- The U.S. Centers for Disease Control and Prevention shortened the recommended waiting period for people who completed their primary Covid-19 vaccination series with Pfizer's shots.
- The agency also now recommends that children ages 5 to 11 who have moderate or severely compromised immune systems receive a third shot as part of their primary vaccination series.
- The CDC's vaccine advisory committee has scheduled a meeting Wednesday to review the FDA's recommendation to distribute boosters to all adolescents aged 12 to 15.
The Centers for Disease Control and Prevention on Tuesday updated its recommended waiting period for people who completed their primary Covid-19 vaccination series with Pfizer's shots.
People who received the Moderna vaccine must still wait at least six months after their second dose before getting a booster, while those who received the Johnson & Johnson vaccine must wait at least two months after their first shot before getting a booster.
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The CDC also now recommends that children ages 5 to 11 who have moderate or severely compromised immune systems receive a third shot as part of their primary vaccination series 28 days after their second dose. Currently, Pfizer is the only recommended and authorized vaccine for kids in that age group.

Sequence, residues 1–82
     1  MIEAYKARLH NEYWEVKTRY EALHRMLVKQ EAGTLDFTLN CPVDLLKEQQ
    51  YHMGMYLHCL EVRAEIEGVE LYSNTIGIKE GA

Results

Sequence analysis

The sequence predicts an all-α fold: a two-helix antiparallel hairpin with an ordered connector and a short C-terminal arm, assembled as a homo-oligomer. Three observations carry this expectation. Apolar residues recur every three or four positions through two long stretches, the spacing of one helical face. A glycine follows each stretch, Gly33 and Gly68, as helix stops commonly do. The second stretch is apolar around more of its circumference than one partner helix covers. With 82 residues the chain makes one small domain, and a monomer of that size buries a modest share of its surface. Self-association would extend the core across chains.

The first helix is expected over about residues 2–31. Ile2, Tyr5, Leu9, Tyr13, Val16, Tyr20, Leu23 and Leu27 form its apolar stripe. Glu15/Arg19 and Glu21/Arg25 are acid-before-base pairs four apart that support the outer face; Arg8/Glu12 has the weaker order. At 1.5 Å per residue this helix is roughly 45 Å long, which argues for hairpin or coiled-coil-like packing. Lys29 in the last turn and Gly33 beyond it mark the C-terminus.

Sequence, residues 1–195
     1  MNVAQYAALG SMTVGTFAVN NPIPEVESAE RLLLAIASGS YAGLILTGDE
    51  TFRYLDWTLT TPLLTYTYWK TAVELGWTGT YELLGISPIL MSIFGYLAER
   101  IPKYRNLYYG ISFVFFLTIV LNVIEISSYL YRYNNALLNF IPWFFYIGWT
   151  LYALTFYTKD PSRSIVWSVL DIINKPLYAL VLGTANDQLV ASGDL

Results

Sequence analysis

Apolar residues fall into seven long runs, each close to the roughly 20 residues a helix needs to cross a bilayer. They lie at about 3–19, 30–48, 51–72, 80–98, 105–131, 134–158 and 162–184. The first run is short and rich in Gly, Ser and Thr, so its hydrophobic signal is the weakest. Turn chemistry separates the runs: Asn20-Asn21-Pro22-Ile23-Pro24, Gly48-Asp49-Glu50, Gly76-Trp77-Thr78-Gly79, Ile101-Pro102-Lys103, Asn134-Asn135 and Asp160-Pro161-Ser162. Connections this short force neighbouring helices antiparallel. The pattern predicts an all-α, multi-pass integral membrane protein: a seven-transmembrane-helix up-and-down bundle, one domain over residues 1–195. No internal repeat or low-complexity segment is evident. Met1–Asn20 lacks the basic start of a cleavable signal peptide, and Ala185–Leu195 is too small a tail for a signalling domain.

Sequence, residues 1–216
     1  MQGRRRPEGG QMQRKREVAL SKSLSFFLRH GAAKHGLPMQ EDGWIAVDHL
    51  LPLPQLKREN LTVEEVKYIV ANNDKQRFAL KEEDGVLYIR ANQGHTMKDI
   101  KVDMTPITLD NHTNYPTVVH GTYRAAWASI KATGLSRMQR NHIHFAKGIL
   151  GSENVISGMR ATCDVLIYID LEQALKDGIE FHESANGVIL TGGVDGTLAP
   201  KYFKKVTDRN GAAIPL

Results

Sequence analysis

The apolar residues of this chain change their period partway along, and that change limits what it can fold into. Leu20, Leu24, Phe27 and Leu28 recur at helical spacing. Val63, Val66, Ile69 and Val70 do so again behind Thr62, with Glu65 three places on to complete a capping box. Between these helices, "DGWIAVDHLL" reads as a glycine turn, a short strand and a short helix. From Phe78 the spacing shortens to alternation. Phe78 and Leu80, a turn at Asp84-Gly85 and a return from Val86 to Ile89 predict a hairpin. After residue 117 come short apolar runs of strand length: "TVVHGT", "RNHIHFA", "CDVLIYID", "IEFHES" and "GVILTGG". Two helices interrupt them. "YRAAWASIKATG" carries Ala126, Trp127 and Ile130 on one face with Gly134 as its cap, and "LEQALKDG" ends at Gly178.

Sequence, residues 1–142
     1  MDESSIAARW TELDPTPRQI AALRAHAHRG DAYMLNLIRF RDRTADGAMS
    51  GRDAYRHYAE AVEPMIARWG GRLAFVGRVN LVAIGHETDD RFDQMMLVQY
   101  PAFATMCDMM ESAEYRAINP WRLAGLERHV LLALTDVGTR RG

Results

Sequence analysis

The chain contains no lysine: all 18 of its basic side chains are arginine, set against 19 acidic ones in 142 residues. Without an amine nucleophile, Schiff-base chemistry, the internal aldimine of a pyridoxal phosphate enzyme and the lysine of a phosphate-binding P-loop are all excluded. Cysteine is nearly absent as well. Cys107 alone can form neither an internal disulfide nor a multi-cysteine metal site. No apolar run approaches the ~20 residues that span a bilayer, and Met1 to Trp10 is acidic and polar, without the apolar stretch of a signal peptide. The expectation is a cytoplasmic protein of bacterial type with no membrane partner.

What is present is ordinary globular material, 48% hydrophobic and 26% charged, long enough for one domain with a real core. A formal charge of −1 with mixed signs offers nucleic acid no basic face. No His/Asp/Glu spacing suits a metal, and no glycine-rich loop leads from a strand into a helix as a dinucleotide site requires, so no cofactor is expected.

The CDC's new recommendations come a day after the Food and Drug Administration authorized Pfizer boosters at five months and third shots for kids 5 to 11 with compromised immune systems. The CDC's vaccine advisory committee has also scheduled a meeting Wednesday to review the FDA's recommendation to distribute boosters to all adolescents aged 12 to 15.
The shortened waiting period for Pfizer boosters reflects the greater urgency federal health authorities in the U.S. have placed on getting third shots in people's arms as the highly contagious omicron variant spreads at an unprecedented pace throughout the country.
"Today's recommendations ensure people are able to get a boost of protection in the face of Omicron and increasing cases across the country, and ensure that the most vulnerable children can get an additional dose to optimize protection against COVID-19," CDC Director Dr. Rochelle Walensky said in a statement, strongly urging people to get a third dose or booster if eligible.
Real-world data from the United Kingdom and lab data from Pfizer have demonstrated that booster doses significantly increase protection against infection from omicron. A study published by the U.K. Health Security Agency last week found that boosters are up to 75% effective at preventing symptomatic infection.
The original two-dose series still provides good protection against severe illness. However, the shots are only about 10% effective at preventing symptomatic infection from omicron 20 weeks after the second dose, according to the U.K. Health Security Agency study.
Covid infections are increasing at a pace unseen at any previous point in the pandemic. The U.S. reported more than 1 million new cases on Monday alone, according to data compiled by Johns Hopkins University. More than 56 million people in the U.S. have been infected since the start of the pandemic, and more than 827,000 people in the U.S. have died from the virus.